;The use of extreme facial closeups to convey inner emotion in the Passion of Joan of Arc.

The director of The Passion of Joan of Arc uses extreme closeups of characters in the film to truly convey their inner emotion throughout the film. Initially the viewer can be skeptical of this technique and it does seem very hard to convey correctly, but the actress that portrays Joan of Arc in the film does a wonderful job of capturing all necessary emotion through her face. It is seen that in the image below, Joan of Arc is at the beginning of her questioning and is beginning to see how her treatment will continue while in the hands of the English. Her face in the light, shows her youth and innocence that comes with her age. The light also reflects in Joan’s eyes very well, and shows her tears that she holds back while being interrogated.

(Time Stamp:6:32)

It was very interesting to watch this film, because modern films are more reliant on alternate techniques in which to portray the emotion of a scene, as this film took a very simple and straight forward approach. Seeing as it is a silent film, Joan has to do an excellent job of capturing the moment, and this is very well balanced by the blank wall in the back, so that the viewer is forced to focus on the expression on Joan’s face and nothing else. In this scene the actress that plays Joan does an excellent job of showing fear, once again her eyes shine a reflection of the scene among her and he face trembles in fear as to what may happen to her.

(Time Stamp: 28:02)

I also noticed that in many of the scenes while the director is showing any group of people or a person other than Joan, he usually pans across a distance to capture the emotion of the whole group. When Joan is shot, she is usually focused upon and the camera is kept still. This might be so that the viewer has to completely focus on Joan’s emotion, but when surveying the crowd he wants to capture the emotion of the crowd. When the director does show the viewer the setting of the scene he shows certain objects of focus, upon a mostly blank canvas or background. It is a very interesting way in which to draw the view of the audience towards certain points. In this scene a cross is seen atop a church and the background is very blank. The focal point is obviously the cross, which is in question in this scene.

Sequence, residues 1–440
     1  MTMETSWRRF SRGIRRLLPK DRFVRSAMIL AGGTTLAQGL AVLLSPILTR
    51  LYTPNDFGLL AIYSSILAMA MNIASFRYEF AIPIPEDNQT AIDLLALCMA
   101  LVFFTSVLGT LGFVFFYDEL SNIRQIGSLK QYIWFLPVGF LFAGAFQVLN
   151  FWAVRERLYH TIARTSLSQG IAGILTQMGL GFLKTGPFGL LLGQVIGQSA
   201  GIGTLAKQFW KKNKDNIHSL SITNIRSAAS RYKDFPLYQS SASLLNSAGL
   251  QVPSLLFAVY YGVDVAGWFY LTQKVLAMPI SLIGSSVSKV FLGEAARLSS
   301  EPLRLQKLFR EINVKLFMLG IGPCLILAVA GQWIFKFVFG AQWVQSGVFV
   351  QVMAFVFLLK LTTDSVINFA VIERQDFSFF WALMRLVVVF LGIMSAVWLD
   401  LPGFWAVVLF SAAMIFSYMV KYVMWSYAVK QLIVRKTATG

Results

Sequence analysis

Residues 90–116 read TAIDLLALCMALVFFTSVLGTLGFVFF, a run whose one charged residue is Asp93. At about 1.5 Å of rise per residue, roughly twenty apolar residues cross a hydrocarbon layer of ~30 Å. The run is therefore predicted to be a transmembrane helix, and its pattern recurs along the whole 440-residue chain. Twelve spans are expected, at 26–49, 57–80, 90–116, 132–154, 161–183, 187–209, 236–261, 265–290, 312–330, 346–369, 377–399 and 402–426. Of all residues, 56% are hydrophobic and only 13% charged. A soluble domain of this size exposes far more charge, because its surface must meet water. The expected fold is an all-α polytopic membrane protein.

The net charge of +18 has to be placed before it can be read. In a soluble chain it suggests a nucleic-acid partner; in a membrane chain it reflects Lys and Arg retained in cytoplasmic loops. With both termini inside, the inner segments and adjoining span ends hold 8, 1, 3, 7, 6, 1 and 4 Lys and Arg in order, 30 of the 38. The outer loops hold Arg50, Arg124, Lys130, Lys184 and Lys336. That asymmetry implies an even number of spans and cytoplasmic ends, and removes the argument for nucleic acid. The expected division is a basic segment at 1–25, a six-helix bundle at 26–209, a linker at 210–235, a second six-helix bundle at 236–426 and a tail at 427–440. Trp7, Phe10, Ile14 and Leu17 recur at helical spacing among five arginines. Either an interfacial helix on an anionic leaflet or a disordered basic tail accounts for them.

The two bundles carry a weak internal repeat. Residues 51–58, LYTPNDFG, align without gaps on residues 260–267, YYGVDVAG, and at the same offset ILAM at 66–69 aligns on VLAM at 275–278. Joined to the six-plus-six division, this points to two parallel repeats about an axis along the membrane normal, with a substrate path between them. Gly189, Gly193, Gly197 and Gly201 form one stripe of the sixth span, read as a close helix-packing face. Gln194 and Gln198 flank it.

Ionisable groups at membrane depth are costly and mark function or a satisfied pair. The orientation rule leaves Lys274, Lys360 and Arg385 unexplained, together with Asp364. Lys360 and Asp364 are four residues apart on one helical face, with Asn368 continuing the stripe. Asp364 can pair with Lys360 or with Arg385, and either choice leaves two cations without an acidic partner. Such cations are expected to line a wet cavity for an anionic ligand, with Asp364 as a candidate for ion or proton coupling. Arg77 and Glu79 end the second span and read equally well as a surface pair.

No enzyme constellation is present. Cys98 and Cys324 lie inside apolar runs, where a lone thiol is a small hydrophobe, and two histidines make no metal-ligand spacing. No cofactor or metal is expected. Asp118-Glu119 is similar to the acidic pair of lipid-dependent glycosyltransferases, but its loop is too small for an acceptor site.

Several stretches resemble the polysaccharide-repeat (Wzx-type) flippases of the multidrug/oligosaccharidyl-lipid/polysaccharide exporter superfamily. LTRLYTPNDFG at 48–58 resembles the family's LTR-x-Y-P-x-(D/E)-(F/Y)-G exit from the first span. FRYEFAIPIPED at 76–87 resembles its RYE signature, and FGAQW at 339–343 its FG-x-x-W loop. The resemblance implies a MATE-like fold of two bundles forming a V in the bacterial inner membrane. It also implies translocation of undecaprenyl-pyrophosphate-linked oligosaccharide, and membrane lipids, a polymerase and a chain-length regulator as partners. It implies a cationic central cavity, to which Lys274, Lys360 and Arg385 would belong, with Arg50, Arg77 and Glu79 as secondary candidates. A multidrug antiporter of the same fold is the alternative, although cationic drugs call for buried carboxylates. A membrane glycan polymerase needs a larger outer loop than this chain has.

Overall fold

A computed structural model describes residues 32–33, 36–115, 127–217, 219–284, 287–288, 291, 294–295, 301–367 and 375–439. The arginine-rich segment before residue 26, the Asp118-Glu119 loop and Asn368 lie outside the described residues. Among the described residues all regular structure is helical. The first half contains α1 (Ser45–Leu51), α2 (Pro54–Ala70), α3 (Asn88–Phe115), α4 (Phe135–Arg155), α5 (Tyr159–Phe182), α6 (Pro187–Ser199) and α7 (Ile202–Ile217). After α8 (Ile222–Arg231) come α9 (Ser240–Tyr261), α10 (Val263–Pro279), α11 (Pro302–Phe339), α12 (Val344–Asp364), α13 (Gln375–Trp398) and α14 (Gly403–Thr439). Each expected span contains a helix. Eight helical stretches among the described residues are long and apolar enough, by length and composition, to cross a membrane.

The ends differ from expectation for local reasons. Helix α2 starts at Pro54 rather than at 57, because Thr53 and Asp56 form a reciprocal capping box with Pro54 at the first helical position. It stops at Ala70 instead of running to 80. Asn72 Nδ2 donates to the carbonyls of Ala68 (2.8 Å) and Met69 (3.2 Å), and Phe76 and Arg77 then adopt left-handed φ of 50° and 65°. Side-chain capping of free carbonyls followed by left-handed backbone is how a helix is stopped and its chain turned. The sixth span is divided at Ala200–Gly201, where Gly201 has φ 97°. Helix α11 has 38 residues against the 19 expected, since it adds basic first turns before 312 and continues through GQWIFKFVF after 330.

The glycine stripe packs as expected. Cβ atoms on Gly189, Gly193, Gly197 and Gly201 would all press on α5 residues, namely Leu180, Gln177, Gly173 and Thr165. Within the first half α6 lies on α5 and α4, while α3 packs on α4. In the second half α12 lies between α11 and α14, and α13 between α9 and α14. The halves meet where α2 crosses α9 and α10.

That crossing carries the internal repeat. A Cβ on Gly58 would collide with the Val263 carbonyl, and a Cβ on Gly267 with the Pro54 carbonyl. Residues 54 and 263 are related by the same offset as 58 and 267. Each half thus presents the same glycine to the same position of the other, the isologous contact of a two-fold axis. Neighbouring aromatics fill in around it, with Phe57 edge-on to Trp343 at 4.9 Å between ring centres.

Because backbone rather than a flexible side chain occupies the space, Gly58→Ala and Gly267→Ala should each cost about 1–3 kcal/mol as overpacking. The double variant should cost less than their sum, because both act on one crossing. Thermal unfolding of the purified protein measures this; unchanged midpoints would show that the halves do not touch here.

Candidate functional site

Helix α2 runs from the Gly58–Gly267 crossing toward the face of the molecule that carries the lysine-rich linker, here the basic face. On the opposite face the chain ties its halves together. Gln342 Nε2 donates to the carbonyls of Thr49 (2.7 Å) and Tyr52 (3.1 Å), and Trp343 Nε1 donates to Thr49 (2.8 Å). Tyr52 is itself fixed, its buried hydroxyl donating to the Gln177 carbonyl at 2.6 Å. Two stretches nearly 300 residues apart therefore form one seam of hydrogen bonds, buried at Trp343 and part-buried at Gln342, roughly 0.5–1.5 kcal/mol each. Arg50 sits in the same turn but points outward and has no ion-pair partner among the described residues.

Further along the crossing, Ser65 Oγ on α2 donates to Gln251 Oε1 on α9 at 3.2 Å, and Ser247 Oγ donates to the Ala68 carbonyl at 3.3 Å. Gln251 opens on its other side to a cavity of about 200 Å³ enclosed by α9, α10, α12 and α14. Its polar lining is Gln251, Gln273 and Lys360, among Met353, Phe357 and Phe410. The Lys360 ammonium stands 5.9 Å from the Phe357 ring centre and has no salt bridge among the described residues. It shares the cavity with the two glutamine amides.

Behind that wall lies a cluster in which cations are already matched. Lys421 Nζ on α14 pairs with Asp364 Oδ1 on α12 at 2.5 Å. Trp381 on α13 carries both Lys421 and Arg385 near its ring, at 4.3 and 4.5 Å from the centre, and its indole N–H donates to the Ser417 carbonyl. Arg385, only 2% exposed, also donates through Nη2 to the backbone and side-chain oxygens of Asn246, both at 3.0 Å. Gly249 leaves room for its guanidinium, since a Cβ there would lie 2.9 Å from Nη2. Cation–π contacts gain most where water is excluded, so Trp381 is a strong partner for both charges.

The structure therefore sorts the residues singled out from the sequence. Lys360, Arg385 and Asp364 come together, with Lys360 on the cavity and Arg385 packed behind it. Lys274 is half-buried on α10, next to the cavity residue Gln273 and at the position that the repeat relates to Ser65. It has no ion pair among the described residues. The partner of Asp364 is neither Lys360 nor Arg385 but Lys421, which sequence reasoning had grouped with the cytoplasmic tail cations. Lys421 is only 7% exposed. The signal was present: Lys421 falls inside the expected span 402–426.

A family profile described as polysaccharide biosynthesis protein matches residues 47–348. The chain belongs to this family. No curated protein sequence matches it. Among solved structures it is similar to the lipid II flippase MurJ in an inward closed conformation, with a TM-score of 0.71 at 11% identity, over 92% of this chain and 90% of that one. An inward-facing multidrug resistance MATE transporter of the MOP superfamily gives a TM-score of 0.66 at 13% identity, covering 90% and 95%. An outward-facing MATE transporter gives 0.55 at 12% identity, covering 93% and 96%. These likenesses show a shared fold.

(Time Stamp: 1:22:23)

Finally I thought this scene captured the climax of the movie very well. In this scene Joan is being burned at the cross, and her face is in pure terror and shock. She cries and looks towards the sky as if still in question over gods existence and her divine intervention. Once again a very dreary and blank background drawn cloudy by smoke. The actress who plays Joan does a wonderful job throughout the movie of acting primarily through facial expression and the director does a great job of capturing it. The director draws a parallel between Joan and Jesus in this scene and throughout the movie, a noticeable difference is that Joan still seems in question of her faith.

 

(Time Stamp:5:32)

 

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1 Comment

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One response to “;The use of extreme facial closeups to convey inner emotion in the Passion of Joan of Arc.

  1. annacantwell

    Like many other viewers, I’m sure, I was skeptical of the director’s seemingly constant use of facial close-ups. Studying in psychology, however, this is a wise tactic. Before learning any other skills, babies can imitate the facial expressions of those around them. From infancy, humans naturally look to faces first in photos and in social situations. We use faces as a survival technique, by reading others’ emotions and adapting appropriately. Although it seemed a bit excessive in The Passion of Joan of Arc, I think the power of facial expressions, combined with the actress’ skill and the director’s cinematography, made for an influential film.

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